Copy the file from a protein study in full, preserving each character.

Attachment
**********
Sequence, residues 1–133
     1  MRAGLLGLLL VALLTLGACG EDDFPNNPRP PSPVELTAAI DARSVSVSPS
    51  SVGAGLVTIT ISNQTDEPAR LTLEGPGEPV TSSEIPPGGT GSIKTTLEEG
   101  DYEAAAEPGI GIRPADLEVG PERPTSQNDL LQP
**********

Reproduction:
Sequence, residues 1–133
     1  MRAGLLGLLL VALLTLGACG EDDFPNNPRP PSPVELTAAI DARSVSVSPS
    51  SVGAGLVTIT ISNQTDEPAR LTLEGPGEPV TSSEIPPGGT GSIKTTLEEG
   101  DYEAAAEPGI GIRPADLEVG PERPTSQNDL LQP